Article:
“ COME, spin us a yarn, Jack, my boy,” said a curly-headed, rosy-cheeked young midshipman, to old Jack Palmer, one evening, as we were running down the Spanish Main, before as sweet a breeze as ever filled a to'gallant-sail. Jack Palmer was an old seadog, and a clever fellow, at least in the Yankee sense of the word. He had seen all sorts of service, and knew all sorts of stories, which were perhaps not the less amusing for their want of grammar, and their abundance of sea phrases. He was master's mate of the gundeck; but when called upon for a story by Rosy Willy, (the name of the little reefer that had asked Jack for a yarn,) his business for the day was finished; the grog had been served ; the bull stowed away in the spirit-room, and the key of the hatch returned to the master. It was a pleasant evening, too, and as it was only three bells of the second dog-watch, and of course too early to turn in, Jack sat down on the fo'castle chest, and signified his willingness to comply. He was immediately surrounded by a knot of midshipmen, eager to listen, and, after the usual preliminary of a fresh quid, he began as follows:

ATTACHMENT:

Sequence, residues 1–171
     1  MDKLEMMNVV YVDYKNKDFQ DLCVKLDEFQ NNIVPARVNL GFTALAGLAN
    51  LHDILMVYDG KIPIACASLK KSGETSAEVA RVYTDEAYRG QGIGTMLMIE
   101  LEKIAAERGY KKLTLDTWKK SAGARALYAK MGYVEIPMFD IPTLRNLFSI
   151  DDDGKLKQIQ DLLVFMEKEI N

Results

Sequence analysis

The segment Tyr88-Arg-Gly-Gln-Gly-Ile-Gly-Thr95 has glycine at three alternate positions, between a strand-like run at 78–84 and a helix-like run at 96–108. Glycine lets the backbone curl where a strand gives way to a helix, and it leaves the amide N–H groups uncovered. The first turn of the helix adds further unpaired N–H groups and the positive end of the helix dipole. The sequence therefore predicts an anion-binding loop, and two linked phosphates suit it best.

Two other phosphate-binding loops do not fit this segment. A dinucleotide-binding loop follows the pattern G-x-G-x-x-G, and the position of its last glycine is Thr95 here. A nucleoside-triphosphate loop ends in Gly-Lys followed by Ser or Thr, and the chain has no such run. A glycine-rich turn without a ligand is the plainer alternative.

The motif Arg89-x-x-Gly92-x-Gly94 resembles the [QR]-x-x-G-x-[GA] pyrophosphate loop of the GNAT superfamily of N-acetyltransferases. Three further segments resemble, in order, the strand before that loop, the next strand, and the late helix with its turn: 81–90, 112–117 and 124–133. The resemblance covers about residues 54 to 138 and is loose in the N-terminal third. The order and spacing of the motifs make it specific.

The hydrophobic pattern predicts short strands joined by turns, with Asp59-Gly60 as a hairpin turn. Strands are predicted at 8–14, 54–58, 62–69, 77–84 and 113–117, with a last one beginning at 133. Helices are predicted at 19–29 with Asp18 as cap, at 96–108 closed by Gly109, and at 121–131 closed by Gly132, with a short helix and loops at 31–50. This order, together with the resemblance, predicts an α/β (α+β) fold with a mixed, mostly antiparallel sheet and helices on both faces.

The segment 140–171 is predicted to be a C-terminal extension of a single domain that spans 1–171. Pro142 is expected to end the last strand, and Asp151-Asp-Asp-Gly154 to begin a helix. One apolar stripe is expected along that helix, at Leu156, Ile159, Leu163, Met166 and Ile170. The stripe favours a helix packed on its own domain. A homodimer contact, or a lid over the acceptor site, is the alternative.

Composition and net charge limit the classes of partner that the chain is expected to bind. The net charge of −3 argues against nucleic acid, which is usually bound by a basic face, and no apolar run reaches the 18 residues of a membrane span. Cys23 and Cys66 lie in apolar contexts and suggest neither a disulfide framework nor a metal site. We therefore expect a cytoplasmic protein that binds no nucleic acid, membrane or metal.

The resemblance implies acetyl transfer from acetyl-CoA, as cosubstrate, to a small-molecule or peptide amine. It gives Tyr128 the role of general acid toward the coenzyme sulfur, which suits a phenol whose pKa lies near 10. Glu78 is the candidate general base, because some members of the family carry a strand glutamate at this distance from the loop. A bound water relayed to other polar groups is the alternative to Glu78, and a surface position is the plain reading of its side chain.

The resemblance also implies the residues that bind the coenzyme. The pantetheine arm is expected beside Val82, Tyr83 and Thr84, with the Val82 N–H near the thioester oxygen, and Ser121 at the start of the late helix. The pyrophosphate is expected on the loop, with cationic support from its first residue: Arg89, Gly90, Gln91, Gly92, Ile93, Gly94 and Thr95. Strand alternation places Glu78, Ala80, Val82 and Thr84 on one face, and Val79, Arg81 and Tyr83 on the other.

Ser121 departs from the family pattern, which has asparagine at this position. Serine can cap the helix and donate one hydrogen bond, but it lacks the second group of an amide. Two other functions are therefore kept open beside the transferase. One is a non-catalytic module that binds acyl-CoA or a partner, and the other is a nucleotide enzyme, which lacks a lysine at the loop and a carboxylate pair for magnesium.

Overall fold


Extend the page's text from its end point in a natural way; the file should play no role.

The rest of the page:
Merriville Terry, or as they used to call him for shortness, Merry Terry—and a right good name it was, for he was as gay a lark as ever gave life and animation to a steerage mess-table-was one of the noblest middies that I ever knew. He was as full of rigs and jokes as a French man-of-war is of music, and they were quite as harmless, too; for Merry never said any thing to hurt a shipmate's feelings, and no one ever thought of getting angry at his fun. There wasn't a reefer in the whole fleet that didn't love him like a brother; nor a luff, that when there was hard duty to do, didn't favour him all he could; for Merry had a delicate constitution, and couldn't stand the rough and tumble of the sarvice as well as some. But he was no skulk, and, blow high or blow low, Merry never shrank from his watch. When the relief was called at night, whether it was calm or storm, all sail or a close-reefed top-sail and fore-sail, it made no difference, on deck he always was before the sound would be out of the bell. He didn't tumble up the hatchway either, as some of you reefers do, with your hands in your beckets,